Education is messy. Like any system, nothing in our public schools is simple. While it’s really easy to point the blame at teachers, school boards, and the government, the problems run deeper than that. Yesterday, it came to light that a school in Pennsylvania had enacted a controversial practice of trying to recoup the money families hadn’t paid towards their children’s hot lunches. A firestorm of comments broke out across social media. A handful of people* defended the district’s idea, but the general public seemed to be outraged.
But like all things in life, things aren’t always how they seem. When I did a search on Twitter at 6:30 PM, only one person actually tweeted at the school district. Their Facebook page didn’t reveal much either. People opined all over the news yet none of them suggested the one thing that might actually fix the problem: speak up to the school.
The same thing happens in the personal finance world. One blogger will lament the fact that school teaches so little about life. Another will say that they learned about algebra and Homer but little about consumer education and finance. Seconds later, the floodgates open with people commiserating about how ill-equipped they were to face the real world.
It’s heartbreaking that people feel this way. It’s equally tragic that these comments are going unheard. You see, it looks like hearts and favorites, retweets and quotes are signs that people are listening. But remember your audience. These aren’t the stakeholders of Canon-McMillan School District in Pennsylvania. This isn’t the curriculum committee that designed your high school units of study. These are your followers. People who sought you out for ideas and insights, laughs and GIFS. These are the people you follow. This is a curated list of people from around the world that you–or Buffer or some other tool that I’m too inept to use–selected to follow.
If you see something, really say something. If you want to talk about real life, talk in real life. Step outside the echo chamber and have a real conversation. No one can change what happened, and the only way to try to prevent it from happening again is to get the dialogue going.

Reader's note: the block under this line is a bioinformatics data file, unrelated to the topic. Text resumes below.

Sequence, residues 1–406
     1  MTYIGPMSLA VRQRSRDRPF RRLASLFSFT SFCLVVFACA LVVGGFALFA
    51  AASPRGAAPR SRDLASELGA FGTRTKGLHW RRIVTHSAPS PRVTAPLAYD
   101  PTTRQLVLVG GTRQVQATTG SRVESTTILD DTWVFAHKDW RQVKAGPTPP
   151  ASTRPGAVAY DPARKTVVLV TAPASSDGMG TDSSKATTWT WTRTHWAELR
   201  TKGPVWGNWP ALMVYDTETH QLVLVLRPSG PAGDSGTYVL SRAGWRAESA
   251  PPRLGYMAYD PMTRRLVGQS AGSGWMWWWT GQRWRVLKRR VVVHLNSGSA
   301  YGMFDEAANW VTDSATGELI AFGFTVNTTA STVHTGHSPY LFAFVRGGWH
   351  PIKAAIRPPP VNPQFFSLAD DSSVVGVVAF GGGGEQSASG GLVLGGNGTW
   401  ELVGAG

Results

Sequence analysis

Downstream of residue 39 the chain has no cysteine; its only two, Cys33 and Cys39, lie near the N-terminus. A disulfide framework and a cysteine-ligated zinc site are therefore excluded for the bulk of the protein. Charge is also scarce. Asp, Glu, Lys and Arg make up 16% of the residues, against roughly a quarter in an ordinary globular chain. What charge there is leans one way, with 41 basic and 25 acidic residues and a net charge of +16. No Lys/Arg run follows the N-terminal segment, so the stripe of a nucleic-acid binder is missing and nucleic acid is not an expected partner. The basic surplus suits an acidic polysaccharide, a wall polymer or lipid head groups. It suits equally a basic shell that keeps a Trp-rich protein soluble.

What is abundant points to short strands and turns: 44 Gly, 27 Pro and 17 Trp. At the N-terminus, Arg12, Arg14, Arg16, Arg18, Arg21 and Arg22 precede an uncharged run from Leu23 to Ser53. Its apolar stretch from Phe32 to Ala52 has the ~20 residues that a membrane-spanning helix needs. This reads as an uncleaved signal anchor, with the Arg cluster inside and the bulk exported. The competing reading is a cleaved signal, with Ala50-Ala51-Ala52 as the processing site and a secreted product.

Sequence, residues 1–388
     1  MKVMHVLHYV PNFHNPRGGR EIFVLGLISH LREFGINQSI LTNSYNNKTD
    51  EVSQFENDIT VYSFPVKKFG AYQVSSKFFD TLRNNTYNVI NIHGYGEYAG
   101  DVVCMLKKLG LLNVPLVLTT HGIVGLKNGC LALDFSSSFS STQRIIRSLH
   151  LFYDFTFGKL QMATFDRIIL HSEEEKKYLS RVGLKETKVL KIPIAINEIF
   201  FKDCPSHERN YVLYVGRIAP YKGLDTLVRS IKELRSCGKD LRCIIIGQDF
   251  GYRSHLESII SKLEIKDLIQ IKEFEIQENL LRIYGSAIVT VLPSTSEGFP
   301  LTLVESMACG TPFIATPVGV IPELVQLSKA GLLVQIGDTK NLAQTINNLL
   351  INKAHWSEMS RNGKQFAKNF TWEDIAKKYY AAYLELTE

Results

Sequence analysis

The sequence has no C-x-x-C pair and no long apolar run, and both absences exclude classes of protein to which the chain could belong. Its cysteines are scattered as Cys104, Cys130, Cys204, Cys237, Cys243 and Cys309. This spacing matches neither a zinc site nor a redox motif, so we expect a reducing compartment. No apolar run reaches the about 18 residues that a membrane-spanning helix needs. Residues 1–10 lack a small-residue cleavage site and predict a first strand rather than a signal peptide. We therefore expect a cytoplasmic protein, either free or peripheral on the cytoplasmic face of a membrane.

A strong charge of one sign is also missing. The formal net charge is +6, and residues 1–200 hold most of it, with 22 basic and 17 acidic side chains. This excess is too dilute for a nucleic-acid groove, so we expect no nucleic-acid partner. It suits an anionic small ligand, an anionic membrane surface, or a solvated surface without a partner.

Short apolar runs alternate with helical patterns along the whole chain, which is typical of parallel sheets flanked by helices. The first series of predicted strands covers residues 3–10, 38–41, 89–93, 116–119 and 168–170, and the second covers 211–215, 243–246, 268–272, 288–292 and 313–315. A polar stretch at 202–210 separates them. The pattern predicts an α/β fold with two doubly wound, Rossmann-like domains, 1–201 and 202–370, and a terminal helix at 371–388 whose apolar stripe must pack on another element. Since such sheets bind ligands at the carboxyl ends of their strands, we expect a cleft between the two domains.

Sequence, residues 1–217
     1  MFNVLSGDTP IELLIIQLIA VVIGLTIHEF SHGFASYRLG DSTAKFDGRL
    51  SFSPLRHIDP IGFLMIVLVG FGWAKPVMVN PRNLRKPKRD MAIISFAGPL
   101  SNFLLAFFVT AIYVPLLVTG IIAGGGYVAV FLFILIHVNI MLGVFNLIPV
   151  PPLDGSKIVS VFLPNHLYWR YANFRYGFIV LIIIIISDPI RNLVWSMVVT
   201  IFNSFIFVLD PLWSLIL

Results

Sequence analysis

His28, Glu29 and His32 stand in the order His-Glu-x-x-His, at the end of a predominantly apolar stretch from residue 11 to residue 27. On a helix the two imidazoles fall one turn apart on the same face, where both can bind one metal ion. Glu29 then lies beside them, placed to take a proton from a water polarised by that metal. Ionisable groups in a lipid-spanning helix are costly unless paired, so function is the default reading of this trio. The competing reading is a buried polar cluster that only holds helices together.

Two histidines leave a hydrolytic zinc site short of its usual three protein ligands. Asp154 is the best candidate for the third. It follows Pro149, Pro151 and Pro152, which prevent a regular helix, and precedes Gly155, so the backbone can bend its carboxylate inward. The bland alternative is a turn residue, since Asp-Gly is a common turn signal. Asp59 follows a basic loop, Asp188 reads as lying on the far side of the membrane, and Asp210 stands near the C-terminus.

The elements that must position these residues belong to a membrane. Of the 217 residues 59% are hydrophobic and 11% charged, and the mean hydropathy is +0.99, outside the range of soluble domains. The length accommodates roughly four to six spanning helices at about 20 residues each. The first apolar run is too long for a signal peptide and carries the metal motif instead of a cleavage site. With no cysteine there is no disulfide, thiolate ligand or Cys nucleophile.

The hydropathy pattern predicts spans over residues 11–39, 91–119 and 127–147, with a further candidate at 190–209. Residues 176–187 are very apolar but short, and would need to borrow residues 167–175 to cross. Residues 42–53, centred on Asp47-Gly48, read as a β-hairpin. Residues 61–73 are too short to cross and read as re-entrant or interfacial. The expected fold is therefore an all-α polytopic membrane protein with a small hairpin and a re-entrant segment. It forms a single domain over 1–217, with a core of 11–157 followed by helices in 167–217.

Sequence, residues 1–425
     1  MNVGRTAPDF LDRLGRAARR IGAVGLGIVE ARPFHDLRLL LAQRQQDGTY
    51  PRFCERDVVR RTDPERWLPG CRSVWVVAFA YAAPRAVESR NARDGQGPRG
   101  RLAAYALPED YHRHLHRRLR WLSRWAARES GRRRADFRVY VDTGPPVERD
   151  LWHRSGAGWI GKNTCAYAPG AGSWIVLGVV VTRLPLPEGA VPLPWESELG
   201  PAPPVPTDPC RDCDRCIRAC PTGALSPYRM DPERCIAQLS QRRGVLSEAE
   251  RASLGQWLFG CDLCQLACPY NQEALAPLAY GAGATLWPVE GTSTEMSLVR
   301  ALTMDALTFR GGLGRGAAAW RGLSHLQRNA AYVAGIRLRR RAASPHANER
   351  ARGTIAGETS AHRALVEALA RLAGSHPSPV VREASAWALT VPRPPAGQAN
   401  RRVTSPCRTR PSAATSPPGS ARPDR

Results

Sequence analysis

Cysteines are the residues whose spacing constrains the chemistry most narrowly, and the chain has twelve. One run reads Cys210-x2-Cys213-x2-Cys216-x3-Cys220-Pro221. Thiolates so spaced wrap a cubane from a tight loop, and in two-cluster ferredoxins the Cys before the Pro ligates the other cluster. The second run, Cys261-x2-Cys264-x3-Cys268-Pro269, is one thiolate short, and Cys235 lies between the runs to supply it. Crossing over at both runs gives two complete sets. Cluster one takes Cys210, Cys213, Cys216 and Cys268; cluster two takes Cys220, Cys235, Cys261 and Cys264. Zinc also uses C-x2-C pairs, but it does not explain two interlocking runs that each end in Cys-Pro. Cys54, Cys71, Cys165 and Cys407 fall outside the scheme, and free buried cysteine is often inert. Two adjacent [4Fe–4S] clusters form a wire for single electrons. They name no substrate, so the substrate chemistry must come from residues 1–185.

*My eye is twitching. Yes, the post is coming. No, I’m still not calm enough to write it without saying naughty words.
So Tell Me…How do you really say something? What issues matter to you? Share links if you’ve got ‘em!
Note: In case you’re so inclined, here’s the link to the school district and the letter I mailed to the school principal.
September 20, 2016
I’m certain that you, your school, and your district are overwhelmed with feedback from the public regarding your hot lunch program and the strategy the school board employed to recover money from families. I’m also certain that a lot of that feedback hasn’t been diplomatic, kind, or productive. Of course, this is a complex issue that is being boiled down to a few paragraphs in the media.
Nonetheless, I’m writing to you in the hopes that your district will reconsider your program and find other ways to ensure that all students’ basic needs are being met without making students feel different, ostracized, or responsible for something outside of their control. As someone who is very familiar with public education, I still only have a fledgling understanding of the nuances of school budgets. But balancing a budget at the expense of hungry children can’t possibly be the answer. Certainly, as an educator who has students’ interests at heart, you know that. In fact, I doubt very much that you were even involved in the policy. Still, I couldn’t not say something. You have my support as your lead your school and your district in a new direction.
Thank you for doing what is best for children,